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22 Cards in this Set

  • Front
  • Back
A U.S. citizen born of immigrant Japanese parents.
Office of Price Administration (OPA)
An agency established by Congress to control inflation during World War II.
War Production Board (WPB)
An agency established during World War II to coordinate the production of military supplies by U.S. industries.
A restriction of people's right to buy unlimited amounts of particular foods and other goods, often implemented during wartime to assure adequate supplies for the military.
A name given to June 6, 1944 - the day on which the Allies launched an invasion of the European mainland during World War II.
Battle of the Bulge
A month-long battle of World War II, in which the Allies succeeded in turning back the last major German offensive of the war.
V-E Day
A name given to May 8, 1945, on which General Eisenhower's acceptance of the unconditional surrender of Nazi Germany marked the end of World War II in Europe.
Involving or engaging in the deliberate crashing of a bomb-filled airplane into a military target.
Manhattan Project
The U.S. program to develop an atomic bomb for use in World War II.
Yalta Conference
A 1945 meeting at which the leaders of the United States, Great Britain, and the Soviet Union agreed on a set of measures to be implemented after the defeat of Germany.
United Nations (UN)
An international peacekeeping organization to which most nations in the world belong, founded in 1945 to promote world peace, security, and economic development.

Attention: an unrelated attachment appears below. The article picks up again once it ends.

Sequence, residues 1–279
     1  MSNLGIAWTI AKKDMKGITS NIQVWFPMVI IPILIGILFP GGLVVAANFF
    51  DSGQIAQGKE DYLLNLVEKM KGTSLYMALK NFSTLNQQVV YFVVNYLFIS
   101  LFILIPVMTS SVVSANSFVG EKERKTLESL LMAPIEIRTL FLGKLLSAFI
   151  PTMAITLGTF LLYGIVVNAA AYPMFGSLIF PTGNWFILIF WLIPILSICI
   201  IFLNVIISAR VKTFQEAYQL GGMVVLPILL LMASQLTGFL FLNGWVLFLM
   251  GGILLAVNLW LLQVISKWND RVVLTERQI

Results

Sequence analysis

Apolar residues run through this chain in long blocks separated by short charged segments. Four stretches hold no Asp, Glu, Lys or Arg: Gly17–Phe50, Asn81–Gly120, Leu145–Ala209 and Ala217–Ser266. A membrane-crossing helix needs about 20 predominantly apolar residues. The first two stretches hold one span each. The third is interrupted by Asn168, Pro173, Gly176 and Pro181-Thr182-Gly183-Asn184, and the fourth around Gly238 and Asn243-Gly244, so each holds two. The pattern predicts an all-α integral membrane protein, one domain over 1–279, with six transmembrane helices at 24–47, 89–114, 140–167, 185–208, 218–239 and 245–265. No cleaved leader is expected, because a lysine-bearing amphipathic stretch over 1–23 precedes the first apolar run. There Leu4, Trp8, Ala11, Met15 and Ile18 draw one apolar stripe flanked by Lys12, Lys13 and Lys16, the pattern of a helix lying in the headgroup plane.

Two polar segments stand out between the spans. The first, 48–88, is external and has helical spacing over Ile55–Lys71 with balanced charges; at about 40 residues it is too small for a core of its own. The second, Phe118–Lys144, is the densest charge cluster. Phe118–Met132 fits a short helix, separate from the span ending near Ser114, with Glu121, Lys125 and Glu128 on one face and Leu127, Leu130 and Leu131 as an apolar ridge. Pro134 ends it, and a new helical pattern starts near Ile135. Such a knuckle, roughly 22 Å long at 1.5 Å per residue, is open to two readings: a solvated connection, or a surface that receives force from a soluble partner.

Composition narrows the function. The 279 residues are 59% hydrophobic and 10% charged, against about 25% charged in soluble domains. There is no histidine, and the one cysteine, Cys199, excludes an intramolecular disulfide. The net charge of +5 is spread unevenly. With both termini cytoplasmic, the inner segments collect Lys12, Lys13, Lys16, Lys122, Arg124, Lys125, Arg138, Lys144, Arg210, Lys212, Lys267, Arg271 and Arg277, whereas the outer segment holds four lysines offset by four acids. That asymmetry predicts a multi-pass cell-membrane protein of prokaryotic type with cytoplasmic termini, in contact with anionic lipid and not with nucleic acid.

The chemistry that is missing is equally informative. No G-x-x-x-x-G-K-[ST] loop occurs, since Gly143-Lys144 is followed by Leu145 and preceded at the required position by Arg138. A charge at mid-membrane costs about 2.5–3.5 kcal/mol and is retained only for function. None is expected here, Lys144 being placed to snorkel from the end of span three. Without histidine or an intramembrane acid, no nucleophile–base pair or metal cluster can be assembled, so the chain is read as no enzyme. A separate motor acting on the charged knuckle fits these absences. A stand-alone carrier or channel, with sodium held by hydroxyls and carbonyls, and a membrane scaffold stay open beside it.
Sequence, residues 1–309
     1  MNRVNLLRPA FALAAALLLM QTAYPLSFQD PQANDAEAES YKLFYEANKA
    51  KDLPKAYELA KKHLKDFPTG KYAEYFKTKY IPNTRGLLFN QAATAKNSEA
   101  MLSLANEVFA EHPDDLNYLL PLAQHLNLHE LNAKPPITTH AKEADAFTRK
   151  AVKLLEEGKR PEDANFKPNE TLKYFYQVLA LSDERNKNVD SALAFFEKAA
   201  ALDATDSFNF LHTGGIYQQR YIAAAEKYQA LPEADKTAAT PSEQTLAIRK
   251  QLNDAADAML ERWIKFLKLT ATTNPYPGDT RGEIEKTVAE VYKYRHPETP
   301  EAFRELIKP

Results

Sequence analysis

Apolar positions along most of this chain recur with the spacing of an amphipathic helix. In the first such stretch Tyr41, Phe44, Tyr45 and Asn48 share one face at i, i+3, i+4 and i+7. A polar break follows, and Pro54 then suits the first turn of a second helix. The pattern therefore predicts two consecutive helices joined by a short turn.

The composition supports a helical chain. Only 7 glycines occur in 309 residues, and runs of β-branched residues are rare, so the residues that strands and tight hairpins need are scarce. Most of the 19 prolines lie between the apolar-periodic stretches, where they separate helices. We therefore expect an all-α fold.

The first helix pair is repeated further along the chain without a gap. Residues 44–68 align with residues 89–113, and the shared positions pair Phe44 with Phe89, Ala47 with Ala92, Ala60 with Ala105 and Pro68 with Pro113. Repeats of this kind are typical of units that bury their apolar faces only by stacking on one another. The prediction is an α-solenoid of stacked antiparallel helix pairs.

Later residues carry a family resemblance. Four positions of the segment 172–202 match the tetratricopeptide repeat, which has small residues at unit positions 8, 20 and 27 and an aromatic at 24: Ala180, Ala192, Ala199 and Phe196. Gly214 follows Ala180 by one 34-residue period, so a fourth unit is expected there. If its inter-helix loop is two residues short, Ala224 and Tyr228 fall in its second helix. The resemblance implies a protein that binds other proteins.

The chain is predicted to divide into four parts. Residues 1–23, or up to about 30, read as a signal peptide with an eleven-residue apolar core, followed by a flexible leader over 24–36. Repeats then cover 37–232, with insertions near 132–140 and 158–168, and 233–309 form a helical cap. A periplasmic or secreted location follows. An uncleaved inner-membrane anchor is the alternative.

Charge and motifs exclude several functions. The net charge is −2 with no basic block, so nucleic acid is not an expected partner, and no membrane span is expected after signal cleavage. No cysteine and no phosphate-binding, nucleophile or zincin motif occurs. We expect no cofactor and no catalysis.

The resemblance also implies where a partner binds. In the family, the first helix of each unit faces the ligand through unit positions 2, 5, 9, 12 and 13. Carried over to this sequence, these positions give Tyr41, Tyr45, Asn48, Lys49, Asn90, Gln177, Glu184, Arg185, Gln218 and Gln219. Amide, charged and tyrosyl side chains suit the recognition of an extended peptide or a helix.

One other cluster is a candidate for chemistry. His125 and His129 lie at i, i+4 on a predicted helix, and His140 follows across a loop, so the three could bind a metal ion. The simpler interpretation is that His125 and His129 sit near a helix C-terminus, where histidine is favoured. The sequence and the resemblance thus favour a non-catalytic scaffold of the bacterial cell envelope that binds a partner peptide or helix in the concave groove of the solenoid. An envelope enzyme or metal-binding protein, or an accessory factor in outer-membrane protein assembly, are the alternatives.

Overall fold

Nuremberg trials
The court proceedings held in Nuremberg, Germany, after World War II, in which Nazi leaders were tried for war crimes.
GI Bill of Rights
A name given to the Servicemen's Readjustment Act, a 1944 law that provided financial and educational benefits for World War II veterans.
Congress of Racial Equality (CORE)
An interracial group founded in 1942 by James Farmer to work against segregation in Northern cities.
Japanese American Citizens League (JACL)
An organization that pushed the U.S. government to compensate Japanese Americans for property they had lost when they were interned during World War II.
A. Philip Randolph
President of the Brotherhood of Sleeping Car Porters and the nation's leading African-American labor leader, he organized a march on Washington on July 1, 1941.
Chester Nimitz
The commander of U.S. naval forces in the Pacific during World War II.
James Farmer
A civil rights leader who founded an interracial movement called the Congress of Racial Equality (CORE) to confront urban segregation in the North.
J. Robert Oppenheimer
Headed a group of brilliant American, British, and European-refugee scientists who worked in a secret laboratory in Los Alamos, New Mexico, to build the first atomic bomb.
George Marshall
He pushed for the formation of a Women's Auxiliary Army Corps (WAAC) during World War II.
A Japanese city devastated during World War II when the United States dropped the first atomic bomb on August6, 1945.
A Japanese city devastated during World War II when the United States dropped the second atomic bomb on August 8, 1945.